Capstone: Competitive Research
This post is included in my Capstone project development series. What is Capstone? Find out here.
Think of the competition as existing design solutions similar to my idea. Learn something from the competition’s decisions to guide design decisions moving forward. Address the broader view of the competition. Do they have similar appeal or apply to my target audience?
A travel guide mobile application. They cumulate information from the user’s location and personalize results to suggest activities and restaurants in the area depending on the time of day and weather. Also available to view are local bus stops, police stations, and public bathrooms. The target audience is likely to be travelers on vacation that want to try non-tourist food or activities.
Visually it is very bright; a white background and light blue accents with grey type. Reviews in Google Play claim the offline function is not functional and there is strong focus on restaurants, which opposes the description claims.
A mobile application for nearby locations. The user may select a category from a list and search for nearby locations or activities that fall within the category. This location will display an address, distance, website, hours, and more. Their market is anyone that can read and interested in navigating a city easily.
Colors are limited to a white background with black and blue type. Category icons are multiple colors, breaking the color scheme. Reviews on Google Play state the app has become outdated or information provided is simply incorrect.
A mobile application providing a research-supported strategy to avoiding jet lag. Upon purchasing a subscription or paying per trip, the application curates a personalized schedule on how to overcome jet lag through the limitation and implementation of light, caffeine, and sleep. The user may download the schedule to view without the need of internet connection. Their market are employees that travel frequently for work, likely well-off financially.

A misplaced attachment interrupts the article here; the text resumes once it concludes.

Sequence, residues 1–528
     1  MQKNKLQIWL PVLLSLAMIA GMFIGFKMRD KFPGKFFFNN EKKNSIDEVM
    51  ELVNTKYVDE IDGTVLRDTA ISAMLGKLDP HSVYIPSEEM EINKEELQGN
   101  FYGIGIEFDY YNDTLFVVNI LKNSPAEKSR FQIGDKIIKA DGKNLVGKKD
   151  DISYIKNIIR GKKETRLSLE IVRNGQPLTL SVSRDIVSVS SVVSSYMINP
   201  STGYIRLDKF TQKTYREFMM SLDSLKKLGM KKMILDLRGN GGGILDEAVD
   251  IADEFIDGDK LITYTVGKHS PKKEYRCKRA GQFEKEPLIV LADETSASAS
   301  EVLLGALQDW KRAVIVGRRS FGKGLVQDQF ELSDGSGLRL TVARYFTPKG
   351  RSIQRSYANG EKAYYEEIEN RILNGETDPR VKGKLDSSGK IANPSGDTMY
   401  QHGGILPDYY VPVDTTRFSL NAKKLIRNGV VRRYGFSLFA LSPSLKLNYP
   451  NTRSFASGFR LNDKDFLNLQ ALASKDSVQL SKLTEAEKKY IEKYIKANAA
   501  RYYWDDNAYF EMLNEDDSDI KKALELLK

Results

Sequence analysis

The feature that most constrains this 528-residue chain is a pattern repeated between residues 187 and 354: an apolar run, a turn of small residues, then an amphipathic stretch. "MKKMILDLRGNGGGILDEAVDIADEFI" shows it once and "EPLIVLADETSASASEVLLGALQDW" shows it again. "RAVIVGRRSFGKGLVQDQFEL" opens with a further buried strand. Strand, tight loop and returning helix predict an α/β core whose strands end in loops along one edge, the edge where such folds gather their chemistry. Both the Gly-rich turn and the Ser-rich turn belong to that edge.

Colors are in a limited palette of yellow, orange, brown, blue, and grey. White is featured as a background, grey for type, and the rest of the colors are utilized to communicate icons. Reviews on Google Play have high remarks on ease of functionality, chat feature, and simplicity. Other reviews that were not satisfied stated the application was slow and prone to crashing.
The researched information on competitors in the travel market is helpful for the following reasons:
- Use of color is not utilized to enhance design, aside from The Jet Lag application
- Target audiences are not well defined in the design, aside from The Jet Lag application
- Some applications may be too straightforward, not providing interesting features worth commemorating
- Reviews of the applications provide great feedback on the functionality of the applications, aside from the content
- The competitors tend to have functions that are not frequently revisited, or serve a function that is not needed more than once-in-a-while
- Completing research on the topic and target audience accurately reflects the design of the application, creating greater positive feedback and usability, like The Jet Lag application
In the next stages of progress, I look forward to implementing research-supported and audience-oriented use of color and functionality. The use of iconography and limited color palette in The Jet Lag application is inspirational to me, as well as their excellent display of designing for an audience. I will be vigilant to avoid lists and designing my application to be too simple like AroundMe.